US Democratic Senator ‘Sold His Office for a Lifestyle’ of Luxury – Prosecutors
AP Photo/ Mel EvansPolitics01:56 08.09.2017(updated 03:56 08.09.2017) Get short URL333707
A government prosecutor told jurors Wednesday that Democratic Senator Robert Menendez of New Jersey “sold his office for a lifestyle he couldn’t afford” and exchanged political influence for favors and luxury trips.
Abbe Lowell, Menendez’s attorney, argued that whatever gifts his client received from his longtime friend Salomon Melgen do not constitute bribes, and that although meetings Menendez held with government officials may have ultimately had some bearing on the ophthalmologist’s business interests, in the end they were focused on policy and were simply “what members of Congress do.”
In 2015, both Melgen and Menendez were indicted on multiple bribery and fraud charges, and a conviction could not only signal a shift in the deeply divided US Senate but could also threaten Menendez’s political career, AP reports.
If Menendez is ousted, the timing of his departure from office will be key: if the senator is forced to step down before January 16 when Republican Governor Chris Christie leaves office, then Christie will get to choose Menendez’s successor, and he will likely appoint a replacement from his own party, giving the Republicans an even stronger hold on their majority in the upper house of the US Congress.
“Not once have I dishonored my public office,” Menendez said before entering the courthouse on Wednesday.
Prosecutors charge Melgen with allowing Menendez to use the doctor’s private jet to make 10 trips to Florida and the Dominican Republic as compensation for the lawmaker allegedly helping sweep a $9 million Medicare overbilling dispute under the rug.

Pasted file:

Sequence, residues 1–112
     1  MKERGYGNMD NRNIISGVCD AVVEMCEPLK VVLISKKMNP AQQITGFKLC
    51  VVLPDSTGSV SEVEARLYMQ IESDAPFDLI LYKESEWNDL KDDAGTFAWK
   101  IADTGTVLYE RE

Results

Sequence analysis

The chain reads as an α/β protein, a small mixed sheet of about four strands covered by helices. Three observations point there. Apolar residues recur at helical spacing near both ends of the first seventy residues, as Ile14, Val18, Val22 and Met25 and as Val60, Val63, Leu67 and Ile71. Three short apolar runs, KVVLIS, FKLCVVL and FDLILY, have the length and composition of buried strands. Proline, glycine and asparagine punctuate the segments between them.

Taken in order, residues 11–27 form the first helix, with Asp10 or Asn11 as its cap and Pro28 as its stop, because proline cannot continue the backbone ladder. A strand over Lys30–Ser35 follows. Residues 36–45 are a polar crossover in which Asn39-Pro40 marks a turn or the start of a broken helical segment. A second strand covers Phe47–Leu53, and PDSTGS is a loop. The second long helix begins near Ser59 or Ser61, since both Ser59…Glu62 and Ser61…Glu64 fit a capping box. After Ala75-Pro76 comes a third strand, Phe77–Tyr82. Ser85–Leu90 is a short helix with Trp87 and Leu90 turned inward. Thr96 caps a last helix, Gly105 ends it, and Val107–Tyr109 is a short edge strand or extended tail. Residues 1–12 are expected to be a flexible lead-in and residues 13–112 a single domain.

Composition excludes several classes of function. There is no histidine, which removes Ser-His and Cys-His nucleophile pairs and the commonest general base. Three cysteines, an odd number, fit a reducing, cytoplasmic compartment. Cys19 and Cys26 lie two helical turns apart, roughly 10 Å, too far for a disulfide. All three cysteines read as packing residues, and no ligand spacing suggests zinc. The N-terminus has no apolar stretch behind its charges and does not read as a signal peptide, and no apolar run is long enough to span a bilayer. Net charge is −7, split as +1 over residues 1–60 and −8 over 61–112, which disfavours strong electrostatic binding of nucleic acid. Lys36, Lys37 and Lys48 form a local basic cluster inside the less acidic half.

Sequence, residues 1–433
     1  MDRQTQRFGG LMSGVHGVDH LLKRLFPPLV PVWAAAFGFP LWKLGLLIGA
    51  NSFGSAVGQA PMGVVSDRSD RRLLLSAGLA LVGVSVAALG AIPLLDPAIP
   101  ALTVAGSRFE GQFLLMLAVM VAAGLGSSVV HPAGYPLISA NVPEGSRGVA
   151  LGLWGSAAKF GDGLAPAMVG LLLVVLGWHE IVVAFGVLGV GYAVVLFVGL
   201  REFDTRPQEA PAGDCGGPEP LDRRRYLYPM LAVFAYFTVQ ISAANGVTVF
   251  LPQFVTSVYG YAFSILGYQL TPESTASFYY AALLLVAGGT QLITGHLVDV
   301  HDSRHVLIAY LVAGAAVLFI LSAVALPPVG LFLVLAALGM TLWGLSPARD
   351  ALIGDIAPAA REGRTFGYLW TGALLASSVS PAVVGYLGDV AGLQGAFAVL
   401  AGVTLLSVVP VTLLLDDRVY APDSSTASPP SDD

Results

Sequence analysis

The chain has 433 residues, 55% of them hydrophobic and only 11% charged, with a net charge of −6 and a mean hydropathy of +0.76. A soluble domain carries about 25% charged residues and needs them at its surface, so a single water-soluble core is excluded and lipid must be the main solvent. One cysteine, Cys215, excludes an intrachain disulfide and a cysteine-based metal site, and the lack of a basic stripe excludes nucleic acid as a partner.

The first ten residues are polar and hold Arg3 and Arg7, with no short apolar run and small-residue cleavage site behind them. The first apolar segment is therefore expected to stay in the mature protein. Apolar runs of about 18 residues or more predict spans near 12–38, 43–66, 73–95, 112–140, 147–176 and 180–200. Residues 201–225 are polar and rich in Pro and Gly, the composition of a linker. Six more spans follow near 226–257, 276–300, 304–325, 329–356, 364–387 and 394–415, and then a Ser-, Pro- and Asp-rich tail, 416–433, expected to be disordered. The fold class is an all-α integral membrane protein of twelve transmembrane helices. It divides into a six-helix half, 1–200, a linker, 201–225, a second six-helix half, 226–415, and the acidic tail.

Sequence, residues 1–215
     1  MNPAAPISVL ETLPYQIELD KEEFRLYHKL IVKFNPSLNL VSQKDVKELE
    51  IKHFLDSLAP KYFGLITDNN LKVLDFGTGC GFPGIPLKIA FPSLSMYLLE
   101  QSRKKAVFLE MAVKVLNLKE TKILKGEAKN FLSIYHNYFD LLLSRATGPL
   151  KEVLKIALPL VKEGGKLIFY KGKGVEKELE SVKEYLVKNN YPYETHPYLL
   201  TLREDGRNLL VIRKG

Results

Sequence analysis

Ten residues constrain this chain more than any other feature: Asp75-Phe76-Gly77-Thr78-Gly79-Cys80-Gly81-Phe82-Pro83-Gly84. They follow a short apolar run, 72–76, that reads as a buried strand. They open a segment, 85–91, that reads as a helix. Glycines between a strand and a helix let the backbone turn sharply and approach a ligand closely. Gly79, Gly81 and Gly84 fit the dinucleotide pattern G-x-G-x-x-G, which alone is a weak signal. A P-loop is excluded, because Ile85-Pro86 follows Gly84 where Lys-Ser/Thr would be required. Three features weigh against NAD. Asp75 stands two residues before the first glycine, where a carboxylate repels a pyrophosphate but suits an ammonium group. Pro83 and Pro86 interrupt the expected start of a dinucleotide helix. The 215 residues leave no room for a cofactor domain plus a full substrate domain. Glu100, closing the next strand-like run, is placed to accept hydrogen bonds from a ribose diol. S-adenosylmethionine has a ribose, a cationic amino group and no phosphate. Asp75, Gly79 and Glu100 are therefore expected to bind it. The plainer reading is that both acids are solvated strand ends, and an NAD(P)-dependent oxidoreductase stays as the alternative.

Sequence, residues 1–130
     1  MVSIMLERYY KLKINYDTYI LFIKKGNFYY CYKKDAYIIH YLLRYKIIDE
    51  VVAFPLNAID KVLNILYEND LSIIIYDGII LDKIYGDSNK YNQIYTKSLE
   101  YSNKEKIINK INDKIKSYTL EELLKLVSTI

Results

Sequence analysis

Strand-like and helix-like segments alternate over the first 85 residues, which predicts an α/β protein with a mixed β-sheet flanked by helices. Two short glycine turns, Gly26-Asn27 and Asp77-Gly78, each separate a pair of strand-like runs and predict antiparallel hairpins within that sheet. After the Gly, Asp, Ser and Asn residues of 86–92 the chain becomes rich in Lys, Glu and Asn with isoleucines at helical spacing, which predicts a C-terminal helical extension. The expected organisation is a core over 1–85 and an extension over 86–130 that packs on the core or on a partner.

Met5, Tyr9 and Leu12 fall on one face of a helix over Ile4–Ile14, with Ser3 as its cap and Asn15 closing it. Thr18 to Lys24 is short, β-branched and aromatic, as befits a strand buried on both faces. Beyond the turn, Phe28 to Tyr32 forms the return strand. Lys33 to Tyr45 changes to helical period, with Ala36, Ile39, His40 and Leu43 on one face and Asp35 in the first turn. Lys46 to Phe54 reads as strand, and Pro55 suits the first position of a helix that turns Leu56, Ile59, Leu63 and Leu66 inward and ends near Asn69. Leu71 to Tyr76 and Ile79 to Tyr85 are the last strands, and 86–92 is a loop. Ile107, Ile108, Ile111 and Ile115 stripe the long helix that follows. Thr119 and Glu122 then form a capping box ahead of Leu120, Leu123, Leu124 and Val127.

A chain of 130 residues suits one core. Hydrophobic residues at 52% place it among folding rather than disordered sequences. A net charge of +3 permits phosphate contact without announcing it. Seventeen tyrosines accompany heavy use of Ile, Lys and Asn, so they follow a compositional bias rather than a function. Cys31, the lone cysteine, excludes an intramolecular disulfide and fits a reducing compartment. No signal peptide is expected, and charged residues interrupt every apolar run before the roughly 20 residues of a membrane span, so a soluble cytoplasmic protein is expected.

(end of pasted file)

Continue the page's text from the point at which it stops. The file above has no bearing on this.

Melgen is also said to have contributed $750,000 to political institutions supporting Menendez’s re-election and a paid for a three-night stay at a Paris hotel for $5,000.
Melgen’s attorney Kirk Ogrosky claimed in his opening statements that when Menendez visited Melgen and his family he often paid for his own flights. He told jurors, “That’s a heck of a bribe, ‘I’ll bribe you, pay your own way.’ That’s baloney.”
Justice Department attorney Peter Koski pointed out that the timing of meetings by Menendez that have been called into question coincides with trips paid for and donations made by Melgen.
Refuting the notion that the gifts were an innocent exchange between friends, Koski said the senator “went to bat when Dr. Melgen asked, and Dr. Melgen asked frequently.”
“There’s no friendship exception to bribery. There’s no friendship exception to breaking the law,” he stressed.
Menendez, the first US senator in almost 40 years to face bribery charges, said outside the courthouse, “I started my public career fighting corruption … and I have always acted in accordance with the law. And I believe when all the facts are known, I will be vindicated.”
Despite the indictment, Menendez has maintained a public profile, attending a rally of a 100 people after leaving court on Wednesday to protest US President Donald Trump’s rescinding of the Deferred Action for Childhood Arrivals (DACA) executive order that legally protected young undocumented immigrants.